I know that feel. Just finished my micro econ course. Learned no math, occasionally they'd show us a formula or something, but there would be no emphasis on it. I know shit loads of graphs though. I think there might have been some maths in game theory actually. No idea what the profit equation is, but I know MR=MC to maximise profit. Course was basically just teaching us some basics like indifference curves, surplus, taxes and price elasticity then explaining the competitive market, monopoly, monopolistic competition, ogolopys and some game theory. Under stand it really well and got a first in all the problem sets though so it's all good.
post #43 of 47

I took micro and macro as it was prerequisites for all business majors in my school. 

Only math I did was pretty much finding elasticity and calculating future value, which any middle school kid can do. 

post #44 of 47
Quote:
Originally Posted by Pennglock View Post

Bit of an aside-- I think the way into Micro is taught is a bit backwards. Most texts go so far out of their way to avoid math that the econ material becomes a hodgepodge of graphs and rules... few students internalize the material and retain it after the final because they dont understand the fundamentals.
E.g. I didnt connect the dots that MR=MC because the derivative of the profit equation is set equal to zero and rearranged to find a maximum point until my second econ class. Thats probably on me, but I think most intro istructors gloss over that kind of thing.
Its a similar situation to where calculus is introduced with no emphasis on analysis... kids are learning to plug and chug problem sets rather than any real math.

I think physics suffers from the same problem. So many concepts they try to teach before introducing math are so much simpler when you start to realize they are all derivatives/integrals of the same funcitons.

An interesting note on the math-less intro econ courses:
The U of C only recently started requiring them for undergrad econ majors.
When I went there, they had both micro and macro courses that were purely conceptual with no real math. Used the Parkin econ text and I think they now use Mankiw. Big lecture hall classes (only ones in the department) with no homework and your grade decided by something like 3-5 exams. They were not required at the time and did not count towards the major in any way. Now they require them as a prerequisite for the major although they don't count as credits toward the major (they can be tested out of but someone who took AP econ is not likely to pass).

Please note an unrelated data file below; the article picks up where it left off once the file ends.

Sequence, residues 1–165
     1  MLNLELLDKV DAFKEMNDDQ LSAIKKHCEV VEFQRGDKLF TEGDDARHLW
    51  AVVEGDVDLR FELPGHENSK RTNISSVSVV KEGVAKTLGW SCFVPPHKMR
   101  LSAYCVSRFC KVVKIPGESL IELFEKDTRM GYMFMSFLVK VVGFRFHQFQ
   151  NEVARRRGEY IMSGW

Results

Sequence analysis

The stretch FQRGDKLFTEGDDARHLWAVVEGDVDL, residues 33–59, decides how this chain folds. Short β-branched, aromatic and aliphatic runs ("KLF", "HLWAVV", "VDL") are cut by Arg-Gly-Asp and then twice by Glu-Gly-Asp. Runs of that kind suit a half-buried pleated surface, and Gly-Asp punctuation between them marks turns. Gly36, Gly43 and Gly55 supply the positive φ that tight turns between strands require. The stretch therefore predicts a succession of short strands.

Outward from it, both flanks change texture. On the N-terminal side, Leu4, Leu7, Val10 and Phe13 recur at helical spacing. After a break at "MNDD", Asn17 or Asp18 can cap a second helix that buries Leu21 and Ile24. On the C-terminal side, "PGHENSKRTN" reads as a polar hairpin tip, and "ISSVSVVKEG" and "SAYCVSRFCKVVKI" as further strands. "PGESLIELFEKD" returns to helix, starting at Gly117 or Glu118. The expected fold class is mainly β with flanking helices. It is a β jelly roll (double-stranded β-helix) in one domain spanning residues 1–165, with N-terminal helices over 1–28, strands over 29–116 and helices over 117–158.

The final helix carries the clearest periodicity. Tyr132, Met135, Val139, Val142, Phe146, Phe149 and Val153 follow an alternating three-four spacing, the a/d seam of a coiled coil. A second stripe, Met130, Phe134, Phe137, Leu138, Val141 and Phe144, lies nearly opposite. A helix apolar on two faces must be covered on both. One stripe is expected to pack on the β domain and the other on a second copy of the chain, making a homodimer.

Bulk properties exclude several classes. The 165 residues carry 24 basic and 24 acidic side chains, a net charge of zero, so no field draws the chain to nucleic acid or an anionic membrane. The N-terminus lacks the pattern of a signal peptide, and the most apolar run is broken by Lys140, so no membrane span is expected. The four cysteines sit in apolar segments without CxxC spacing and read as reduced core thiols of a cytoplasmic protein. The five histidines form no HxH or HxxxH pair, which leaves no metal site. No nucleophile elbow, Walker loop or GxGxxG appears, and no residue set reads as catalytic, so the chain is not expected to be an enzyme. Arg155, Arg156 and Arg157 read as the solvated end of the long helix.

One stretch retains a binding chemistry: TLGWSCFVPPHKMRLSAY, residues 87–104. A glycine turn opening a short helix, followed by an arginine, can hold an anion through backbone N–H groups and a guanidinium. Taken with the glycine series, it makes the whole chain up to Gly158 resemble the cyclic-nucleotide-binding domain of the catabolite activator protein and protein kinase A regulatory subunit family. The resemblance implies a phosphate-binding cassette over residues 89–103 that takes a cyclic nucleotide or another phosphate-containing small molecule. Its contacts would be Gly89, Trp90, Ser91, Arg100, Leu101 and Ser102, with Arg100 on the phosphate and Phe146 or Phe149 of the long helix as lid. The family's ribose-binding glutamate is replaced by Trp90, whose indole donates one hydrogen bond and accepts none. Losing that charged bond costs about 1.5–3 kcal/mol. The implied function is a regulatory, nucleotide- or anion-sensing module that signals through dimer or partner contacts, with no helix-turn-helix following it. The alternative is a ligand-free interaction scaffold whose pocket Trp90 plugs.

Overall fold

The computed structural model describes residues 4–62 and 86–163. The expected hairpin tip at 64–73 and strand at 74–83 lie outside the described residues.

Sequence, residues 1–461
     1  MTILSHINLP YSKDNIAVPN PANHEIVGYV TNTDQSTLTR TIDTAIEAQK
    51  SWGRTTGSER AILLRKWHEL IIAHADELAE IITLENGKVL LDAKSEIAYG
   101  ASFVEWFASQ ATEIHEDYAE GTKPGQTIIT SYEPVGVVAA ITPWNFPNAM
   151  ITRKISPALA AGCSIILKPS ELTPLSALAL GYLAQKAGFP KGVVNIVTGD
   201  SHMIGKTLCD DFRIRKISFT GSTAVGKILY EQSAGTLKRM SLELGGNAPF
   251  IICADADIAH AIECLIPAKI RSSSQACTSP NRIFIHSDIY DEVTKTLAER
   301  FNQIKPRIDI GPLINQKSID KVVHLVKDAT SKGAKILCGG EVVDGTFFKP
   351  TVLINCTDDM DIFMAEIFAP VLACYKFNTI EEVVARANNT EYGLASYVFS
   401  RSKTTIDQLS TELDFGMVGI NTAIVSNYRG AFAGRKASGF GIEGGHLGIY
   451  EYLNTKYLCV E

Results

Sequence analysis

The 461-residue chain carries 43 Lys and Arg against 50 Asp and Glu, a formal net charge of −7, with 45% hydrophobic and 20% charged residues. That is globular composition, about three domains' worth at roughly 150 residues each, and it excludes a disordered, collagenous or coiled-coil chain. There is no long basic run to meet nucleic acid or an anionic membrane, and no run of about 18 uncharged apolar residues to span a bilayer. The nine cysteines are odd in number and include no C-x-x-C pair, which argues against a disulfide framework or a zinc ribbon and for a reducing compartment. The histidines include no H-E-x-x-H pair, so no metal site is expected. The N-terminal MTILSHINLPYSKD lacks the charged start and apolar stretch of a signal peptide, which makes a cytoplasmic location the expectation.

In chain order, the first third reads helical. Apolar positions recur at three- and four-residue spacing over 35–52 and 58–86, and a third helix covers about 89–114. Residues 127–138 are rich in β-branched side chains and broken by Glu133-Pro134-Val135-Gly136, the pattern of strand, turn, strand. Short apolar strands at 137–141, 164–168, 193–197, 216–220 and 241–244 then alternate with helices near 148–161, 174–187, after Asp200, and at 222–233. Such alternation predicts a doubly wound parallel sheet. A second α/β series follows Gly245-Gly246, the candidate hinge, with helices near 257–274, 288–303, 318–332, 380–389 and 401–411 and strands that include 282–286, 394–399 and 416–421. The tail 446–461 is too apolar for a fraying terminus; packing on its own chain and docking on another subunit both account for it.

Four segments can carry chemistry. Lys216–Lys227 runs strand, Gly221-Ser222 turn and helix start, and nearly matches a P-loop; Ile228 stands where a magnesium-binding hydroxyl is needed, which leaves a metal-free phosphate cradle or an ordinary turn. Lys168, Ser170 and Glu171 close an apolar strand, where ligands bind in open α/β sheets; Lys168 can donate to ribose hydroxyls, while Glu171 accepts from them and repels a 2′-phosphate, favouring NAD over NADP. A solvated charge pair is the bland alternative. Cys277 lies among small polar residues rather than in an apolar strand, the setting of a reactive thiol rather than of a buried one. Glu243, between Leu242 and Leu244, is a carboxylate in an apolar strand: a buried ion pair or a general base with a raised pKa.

My observation of the people who did not take the intro sequence and just dove into the calc-based classes, was that they always seemed to be missing something. There were big picture implications that don't necessarily show up in the math that these kids were having trouble grasping when they arose after the math had been introduced.
So maybe there is some benefit to ignoring the math for a few weeks and just trying to get some basic economic intuition down before trying to codify everything with exact rules.
post #45 of 47
Quote:
Originally Posted by fuji View Post

I know that feel. Just finished my micro econ course. Learned no math, occasionally they'd show us a formula or something, but there would be no emphasis on it. I know shit loads of graphs though. I think there might have been some maths in game theory actually. No idea what the profit equation is, but I know MR=MC to maximise profit. Course was basically just teaching us some basics like indifference curves, surplus, taxes and price elasticity then explaining the competitive market, monopoly, monopolistic competition, ogolopys and some game theory. Under stand it really well and got a first in all the problem sets though so it's all good.
Profit = Total Revenue - Total Cost

Set derivative equal to zero ..

0 = MR - MC or MR = MC.

Using calculus .. It's is a 2 second explanation. Without, it takes an hour.

I just wish calculus was a requirement to go into any intro university class. This "all math" or "no math" attitude .. Really makes teaching intro classes more complicated then it needs to be.

High School is a joke .. No reason you shouldn't be able to learn Derivatives, and Anti-Derivatives in high school. Even just enough so that the average Econ student doesn't go into a psychological shock the second they see an calculus equation on the blackboard.